Cyber insurance policies are designed to cover the costs of security incidents and breaches such as system forensics, data recovery, and legal and customer reparations costs. Typical incident types that are covered include invoice fraud, cryptolocker recovery, and insider threats. While cyber insurance has its place in a holistic approach to security, its place is misunderstood.
To start, it is imperative that organizations understand their critical digital assets and risks since the planful adoption of a cyber insurance policy is vitally important for managing premium costs and ensuring appropriate coverage. But cyber insurance is a post-fail risk offset and it should never replace a proper security program. When businesses overinvest in cyber insurance and underinvest in security controls, they are showing that they expect to be breached and have their insurers solve the problem, even though they won't. Yes, it is true that the frequency at which data breaches are reported is astounding, and hefty fines under data privacy laws are being issued more frequently. But the better approach for organizations is to pursue a proactive security strategy that is properly balanced with cyber insurance.
Cyber insurance is a relatively new and rapidly growing industry that did not really start catching on until 2005. A recent report by Adroit Market Research claims that the cyber insurance market will exponentially increase from approximately $4 billion in premiums around the globe in 2019 to a value of over $23 billion by 2025. Fueling this prediction is companies' reaction to recently enacted data privacy regulations around the world, such as the European Union's General Data Protection Regulation (GDPR) in May 2018.
Organizations legitimately fear the hefty fines and costs of reparations that suffering a breach can cause, such as the penalties levied upon British Airways and Marriott, and look to their insurers for plans that can help offset the costs associated with breach notifications and other recovery expenses. Yet, overreliance on cyber insurance without investing in proper controls shows that an organization is prepared to suffer a data breach and not effectively defend against it. While insurers can offset some costs, they cannot repair a company's reputation after a security incident or regain lost intellectual property (IP). The unfortunate truth is that if a company spends millions on research and development (R&D) and that IP is stolen, there is no premium that can recover the costs of that investment.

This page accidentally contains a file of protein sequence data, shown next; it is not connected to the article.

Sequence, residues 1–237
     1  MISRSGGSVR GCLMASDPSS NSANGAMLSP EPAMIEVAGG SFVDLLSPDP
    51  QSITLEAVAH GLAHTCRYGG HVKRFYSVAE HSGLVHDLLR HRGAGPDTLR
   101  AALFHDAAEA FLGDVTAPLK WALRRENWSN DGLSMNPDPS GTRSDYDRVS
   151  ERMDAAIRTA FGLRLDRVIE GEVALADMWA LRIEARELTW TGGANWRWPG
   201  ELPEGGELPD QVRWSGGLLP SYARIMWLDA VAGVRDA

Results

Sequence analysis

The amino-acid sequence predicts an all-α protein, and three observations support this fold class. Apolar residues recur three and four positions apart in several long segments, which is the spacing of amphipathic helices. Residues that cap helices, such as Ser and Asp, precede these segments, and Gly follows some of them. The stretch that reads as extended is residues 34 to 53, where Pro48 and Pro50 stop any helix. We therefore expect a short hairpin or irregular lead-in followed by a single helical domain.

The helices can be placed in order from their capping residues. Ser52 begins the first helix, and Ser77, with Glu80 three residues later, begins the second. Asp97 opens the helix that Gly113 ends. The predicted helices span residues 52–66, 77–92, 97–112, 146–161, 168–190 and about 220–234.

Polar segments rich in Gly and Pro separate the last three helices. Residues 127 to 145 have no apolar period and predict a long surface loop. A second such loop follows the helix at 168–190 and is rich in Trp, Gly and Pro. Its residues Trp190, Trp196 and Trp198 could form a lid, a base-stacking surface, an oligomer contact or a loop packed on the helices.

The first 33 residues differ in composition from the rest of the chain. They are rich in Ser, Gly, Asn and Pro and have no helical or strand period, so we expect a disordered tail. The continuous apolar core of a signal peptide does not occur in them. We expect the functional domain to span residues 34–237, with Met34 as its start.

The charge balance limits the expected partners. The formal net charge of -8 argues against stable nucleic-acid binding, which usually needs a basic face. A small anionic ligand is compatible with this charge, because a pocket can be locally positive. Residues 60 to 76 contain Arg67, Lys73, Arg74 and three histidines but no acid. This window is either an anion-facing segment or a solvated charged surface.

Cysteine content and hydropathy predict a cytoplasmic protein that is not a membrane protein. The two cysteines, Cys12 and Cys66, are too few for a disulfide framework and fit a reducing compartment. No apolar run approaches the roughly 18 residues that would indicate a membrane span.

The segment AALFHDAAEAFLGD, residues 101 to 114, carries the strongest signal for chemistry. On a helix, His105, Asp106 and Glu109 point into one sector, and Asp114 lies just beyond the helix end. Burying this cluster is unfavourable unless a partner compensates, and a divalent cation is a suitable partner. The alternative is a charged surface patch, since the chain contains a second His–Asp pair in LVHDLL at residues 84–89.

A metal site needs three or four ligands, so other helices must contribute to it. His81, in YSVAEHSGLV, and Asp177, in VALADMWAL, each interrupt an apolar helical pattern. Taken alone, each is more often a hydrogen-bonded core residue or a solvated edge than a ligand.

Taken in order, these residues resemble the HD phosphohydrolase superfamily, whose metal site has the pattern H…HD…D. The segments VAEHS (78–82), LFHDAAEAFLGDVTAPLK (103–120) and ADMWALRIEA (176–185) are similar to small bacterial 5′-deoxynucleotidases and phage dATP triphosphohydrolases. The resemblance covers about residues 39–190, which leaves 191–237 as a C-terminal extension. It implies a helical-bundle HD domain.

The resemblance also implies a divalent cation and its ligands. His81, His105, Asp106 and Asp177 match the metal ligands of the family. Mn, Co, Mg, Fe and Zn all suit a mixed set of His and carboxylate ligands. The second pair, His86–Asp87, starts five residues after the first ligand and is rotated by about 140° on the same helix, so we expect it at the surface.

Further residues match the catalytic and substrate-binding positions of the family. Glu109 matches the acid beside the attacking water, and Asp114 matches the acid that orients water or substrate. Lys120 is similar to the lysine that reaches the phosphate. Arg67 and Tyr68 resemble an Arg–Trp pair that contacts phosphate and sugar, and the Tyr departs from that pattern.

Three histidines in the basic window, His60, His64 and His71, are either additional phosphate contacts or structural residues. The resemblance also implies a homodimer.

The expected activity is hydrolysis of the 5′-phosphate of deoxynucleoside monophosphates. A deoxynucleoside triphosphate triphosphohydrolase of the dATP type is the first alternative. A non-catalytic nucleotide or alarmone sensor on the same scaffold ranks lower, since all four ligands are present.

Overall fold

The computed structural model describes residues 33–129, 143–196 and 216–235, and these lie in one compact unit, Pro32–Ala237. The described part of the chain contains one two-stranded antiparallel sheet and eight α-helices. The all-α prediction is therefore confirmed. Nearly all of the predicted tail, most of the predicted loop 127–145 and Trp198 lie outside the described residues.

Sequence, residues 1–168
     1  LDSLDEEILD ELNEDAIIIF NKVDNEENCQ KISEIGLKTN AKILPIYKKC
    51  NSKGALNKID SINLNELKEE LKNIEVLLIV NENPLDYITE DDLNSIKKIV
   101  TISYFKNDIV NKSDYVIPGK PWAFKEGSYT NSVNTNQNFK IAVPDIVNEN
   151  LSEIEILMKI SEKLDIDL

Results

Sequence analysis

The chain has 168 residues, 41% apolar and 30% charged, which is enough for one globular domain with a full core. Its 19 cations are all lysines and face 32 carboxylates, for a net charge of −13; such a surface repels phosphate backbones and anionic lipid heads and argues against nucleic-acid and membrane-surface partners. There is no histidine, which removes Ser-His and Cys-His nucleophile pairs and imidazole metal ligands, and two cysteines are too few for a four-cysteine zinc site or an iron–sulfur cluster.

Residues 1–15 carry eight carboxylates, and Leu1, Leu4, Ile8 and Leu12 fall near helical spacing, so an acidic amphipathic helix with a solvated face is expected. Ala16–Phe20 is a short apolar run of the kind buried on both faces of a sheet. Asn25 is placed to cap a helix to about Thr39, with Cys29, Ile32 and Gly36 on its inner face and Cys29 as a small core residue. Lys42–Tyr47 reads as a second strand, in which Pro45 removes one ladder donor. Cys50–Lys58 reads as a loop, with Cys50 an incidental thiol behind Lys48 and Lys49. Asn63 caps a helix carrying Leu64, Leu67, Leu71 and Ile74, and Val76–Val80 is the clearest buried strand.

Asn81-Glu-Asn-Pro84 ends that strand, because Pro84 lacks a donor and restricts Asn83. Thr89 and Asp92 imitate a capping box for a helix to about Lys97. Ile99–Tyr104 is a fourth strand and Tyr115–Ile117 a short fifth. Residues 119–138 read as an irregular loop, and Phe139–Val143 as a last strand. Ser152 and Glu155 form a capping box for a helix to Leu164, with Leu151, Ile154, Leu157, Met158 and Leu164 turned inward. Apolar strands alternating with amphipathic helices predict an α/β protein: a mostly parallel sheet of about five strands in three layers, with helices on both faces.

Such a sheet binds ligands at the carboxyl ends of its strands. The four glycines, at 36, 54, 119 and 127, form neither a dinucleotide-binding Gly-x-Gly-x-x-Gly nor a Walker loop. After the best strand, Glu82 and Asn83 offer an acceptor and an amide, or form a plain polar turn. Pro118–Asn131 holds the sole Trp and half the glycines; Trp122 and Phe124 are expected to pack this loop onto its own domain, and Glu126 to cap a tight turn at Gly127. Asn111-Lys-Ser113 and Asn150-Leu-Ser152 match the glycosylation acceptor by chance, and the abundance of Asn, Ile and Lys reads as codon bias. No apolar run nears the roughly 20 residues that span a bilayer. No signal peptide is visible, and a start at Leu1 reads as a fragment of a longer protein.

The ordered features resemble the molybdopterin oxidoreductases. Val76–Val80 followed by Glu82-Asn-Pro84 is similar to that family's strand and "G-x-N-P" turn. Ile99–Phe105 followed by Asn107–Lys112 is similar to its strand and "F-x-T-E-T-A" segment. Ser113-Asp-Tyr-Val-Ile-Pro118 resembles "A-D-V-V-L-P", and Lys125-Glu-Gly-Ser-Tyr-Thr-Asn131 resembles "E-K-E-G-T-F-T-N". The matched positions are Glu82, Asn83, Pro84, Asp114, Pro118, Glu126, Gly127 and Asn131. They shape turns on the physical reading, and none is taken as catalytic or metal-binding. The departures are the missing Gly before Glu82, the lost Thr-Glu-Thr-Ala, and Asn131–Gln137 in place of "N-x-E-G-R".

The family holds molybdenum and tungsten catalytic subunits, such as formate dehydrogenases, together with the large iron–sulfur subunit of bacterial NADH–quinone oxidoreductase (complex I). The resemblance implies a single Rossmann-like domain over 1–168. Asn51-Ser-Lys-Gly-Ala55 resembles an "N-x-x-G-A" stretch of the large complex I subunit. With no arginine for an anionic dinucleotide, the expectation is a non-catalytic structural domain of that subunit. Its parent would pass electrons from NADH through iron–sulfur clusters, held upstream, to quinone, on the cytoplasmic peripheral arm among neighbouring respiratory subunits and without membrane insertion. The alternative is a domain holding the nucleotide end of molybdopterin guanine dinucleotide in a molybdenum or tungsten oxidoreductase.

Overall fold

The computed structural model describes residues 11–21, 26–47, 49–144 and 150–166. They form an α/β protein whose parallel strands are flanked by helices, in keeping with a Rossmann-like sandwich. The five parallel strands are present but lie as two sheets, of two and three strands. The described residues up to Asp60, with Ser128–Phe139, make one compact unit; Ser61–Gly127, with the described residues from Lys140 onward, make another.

Another factor contributing to the popularity of cyber insurance is the rapid adoption of the cloud. But too often, businesses use cyber insurance as a security blanket to cover their cloud migration and configuration mistakes, as opposed to developing a proactive security program that benchmarks and continuously tests the efficacy of its controls.
Organizations must also understand that cyber insurance providers are for-profit businesses that do not want to pay premiums for breaches that could have been avoided with a proper security program. Similar to how the long-term care insurance industry will deny coverage to applicants that fail a health assessment, it would not be surprising if insurers become more restrictive about claims and even deny coverage to companies that lack the proper controls. For example, an insurer may choose to not pay or reduce the amount paid on a premium for a business that suffers an email compromise attack that could have been mitigated by multifactor authentication (MFA).
The FUD Factor
In today's constantly changing data privacy climate, there is no shortage of fear, uncertainty, and doubt surrounding insurers policies and claims classifications. One of the most famous examples of this involved Sony cyber insurer (Zurich American Insurance Co.)'s refusal to compensate the multinational conglomerate for an estimated $2 billion in losses from a 2011 data breach of 77 million users' personally identifiable information. Even after Sony brought Zurich to court, Zurich let Sony know that its policy did not cover any third-party hacking incidents.
At the end of the day, cyber insurance cannot and should not be seen as a replacement for a properly developed cybersecurity program. Cyber insurance can help offset post-fail costs, but it will not cover the costs of losing IP and it will give no comfort if a security program is not properly designed. Not only will an effective security strategy help a business obtain cyber insurance in the first place, but choosing to test the efficacy of the controls will help organizations identify flaws before an attacker can find them. This method will also allow companies to improve the return on investment of their cybersecurity budgets by identifying and getting rid of overlapping controls while demonstrating to all stakeholders that they actually take security seriously.
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